In this episode, I’ll discuss the evidence for gastrointestinal cation exchangers other than sodium polystyrene sulfate in acute hyperkalemia.
In the treatment of acute hyperkalemia, IV calcium provides immediate cardioprotection and allows time for insulin to move potassium into the intracellular space and away from the heart. This is only a short term solution however, since potassium will re-equilibrate out of the intracellular space several hours after insulin is given. Another intervention is required to remove the excess potassium from the patient and provide a definitive solution to acute hyperkalemia.
Hemodialysis is an effective intervention to remove excess potassium from a patient, and although there are not universally agreed upon triggers for initiation of dialysis, it is the preferred option in severe hyperkalemia.
When dialysis is not immediately available, or if the hyperkalemia is not felt to be severe enough to justify the invasive procedure of dialysis, gastrointestinal ion exchange resins are used.
Sodium polystyrene sulfate (SPS) is the oldest and most common agent, however there is considerable controversy over its use in acute hyperkalemia.
While not common, this medication can cause intestinal necrosis, a potentially fatal complication. Certain conditions lead to a higher incidence of intestinal necrosis from SPS and should be considered absolute contraindications to use:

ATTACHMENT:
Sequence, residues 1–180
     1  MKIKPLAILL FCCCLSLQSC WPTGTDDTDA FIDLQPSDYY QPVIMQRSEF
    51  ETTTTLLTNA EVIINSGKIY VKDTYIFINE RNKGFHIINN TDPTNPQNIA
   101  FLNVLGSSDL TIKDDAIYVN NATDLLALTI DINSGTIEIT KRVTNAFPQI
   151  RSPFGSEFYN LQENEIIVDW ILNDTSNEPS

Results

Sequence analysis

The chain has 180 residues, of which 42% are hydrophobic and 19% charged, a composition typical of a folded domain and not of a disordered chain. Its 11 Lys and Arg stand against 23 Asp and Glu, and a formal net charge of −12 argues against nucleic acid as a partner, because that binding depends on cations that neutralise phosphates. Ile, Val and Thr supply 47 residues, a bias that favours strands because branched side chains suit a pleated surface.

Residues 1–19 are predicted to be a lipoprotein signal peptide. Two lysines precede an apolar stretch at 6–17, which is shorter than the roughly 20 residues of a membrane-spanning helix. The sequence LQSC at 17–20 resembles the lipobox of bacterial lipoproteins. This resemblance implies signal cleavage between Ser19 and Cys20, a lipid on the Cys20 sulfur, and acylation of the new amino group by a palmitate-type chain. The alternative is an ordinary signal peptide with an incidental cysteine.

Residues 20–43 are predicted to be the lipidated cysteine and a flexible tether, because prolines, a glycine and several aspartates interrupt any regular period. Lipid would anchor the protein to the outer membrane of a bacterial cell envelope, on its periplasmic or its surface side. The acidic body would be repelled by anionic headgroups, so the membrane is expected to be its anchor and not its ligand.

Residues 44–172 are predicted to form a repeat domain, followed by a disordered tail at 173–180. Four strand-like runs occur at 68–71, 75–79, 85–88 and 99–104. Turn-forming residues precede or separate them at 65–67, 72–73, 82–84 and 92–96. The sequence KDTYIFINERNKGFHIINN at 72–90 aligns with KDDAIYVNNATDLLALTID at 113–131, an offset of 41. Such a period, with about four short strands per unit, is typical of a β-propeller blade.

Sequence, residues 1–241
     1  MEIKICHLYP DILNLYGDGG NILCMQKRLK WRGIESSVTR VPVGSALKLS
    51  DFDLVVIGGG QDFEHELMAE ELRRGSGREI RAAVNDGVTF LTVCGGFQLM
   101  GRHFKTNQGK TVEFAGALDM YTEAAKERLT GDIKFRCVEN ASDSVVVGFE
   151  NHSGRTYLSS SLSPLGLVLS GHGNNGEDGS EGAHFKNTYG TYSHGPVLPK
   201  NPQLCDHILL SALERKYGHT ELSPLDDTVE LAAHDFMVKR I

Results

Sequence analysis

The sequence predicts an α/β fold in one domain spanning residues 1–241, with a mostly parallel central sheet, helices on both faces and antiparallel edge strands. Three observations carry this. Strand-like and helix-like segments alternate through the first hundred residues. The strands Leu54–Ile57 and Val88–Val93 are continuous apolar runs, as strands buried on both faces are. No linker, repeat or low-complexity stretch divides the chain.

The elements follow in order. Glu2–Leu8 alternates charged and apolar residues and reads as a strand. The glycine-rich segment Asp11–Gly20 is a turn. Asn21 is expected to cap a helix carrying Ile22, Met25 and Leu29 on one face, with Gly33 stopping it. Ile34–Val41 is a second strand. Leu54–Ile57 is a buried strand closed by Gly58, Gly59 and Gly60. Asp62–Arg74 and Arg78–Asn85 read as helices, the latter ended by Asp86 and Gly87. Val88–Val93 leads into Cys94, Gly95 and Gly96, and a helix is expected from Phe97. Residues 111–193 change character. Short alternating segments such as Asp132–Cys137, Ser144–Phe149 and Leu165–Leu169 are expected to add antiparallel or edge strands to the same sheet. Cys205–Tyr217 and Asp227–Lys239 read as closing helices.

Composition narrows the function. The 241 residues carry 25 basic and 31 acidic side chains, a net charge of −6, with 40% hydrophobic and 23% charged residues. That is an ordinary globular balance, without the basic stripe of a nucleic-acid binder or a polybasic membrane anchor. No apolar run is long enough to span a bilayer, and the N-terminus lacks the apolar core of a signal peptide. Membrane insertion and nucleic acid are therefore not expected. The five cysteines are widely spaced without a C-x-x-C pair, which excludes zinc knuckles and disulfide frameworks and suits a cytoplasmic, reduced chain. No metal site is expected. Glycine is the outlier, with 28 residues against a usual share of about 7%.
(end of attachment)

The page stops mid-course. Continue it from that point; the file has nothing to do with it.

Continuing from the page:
-Patients with an ileus or who are receiving opioids
-Patients with a bowel obstruction
For these reasons, there is a strong desire to find an alternative to the use of sodium polystyrene sulfate for hyperkalemia.
The patiromer study was published in Academic Emergency Medicine January 2020. The study was a single-center, randomized, open-label pilot study. The authors used a convenience sample of adult patients with end-stage renal disease and a serum potassium level of ≥ 6.0 mEq/L. Patients were randomized between standard of care or one dose of 25.2 g oral patiromer plus standard of care. The primary outcome being studied was the difference in potassium between groups after 6 hours had elapsed post-treatment.
Each group contained 15 patients. At 6 hours there was a numerical decrease in potassium of 0.5 mEq/L in the patiromer group however this did not reach statistical significance. At just 2 hours post-treatment, there was a statistically significant decrease in potassium of 0.61 mEq/L. Safety outcomes were no different between groups.
The sodium zirconium cyclosilicate study was published in Academic Emergency Medicine June 2020. The study was a multicenter, randomized, double-blind, placebo-controlled study that enrolled adult ED patients with blood potassium ≥ 5.8 mmol/L. Patients were randomized 1:1 to receive SZC 10 g or placebo, up to three times during a 10-hour period, with insulin and glucose. The primary efficacy outcome was the mean change in serum potassium from baseline until 4 hours after the start of dosing. A greater reduction in mean serum potassium from baseline occurred with SZC compared with placebo at 2 hours. The change at 4 hours was numerically in favor of SZC but the confidence interval crossed zero. A numerically lower proportion of patients in the SZC group required additional potassium-lowering therapy due to hyperkalemia at 0 to 4 hours versus placebo but the confidence interval crossed 1.
While both of these studies are small, the desire to avoid SPS and its associated side effects leads many providers to consider either patiromer or SZC when available and to otherwise manage patients with repeat doses of insulin and glucose until dialysis can be performed rather than risk the side effects of SPS.
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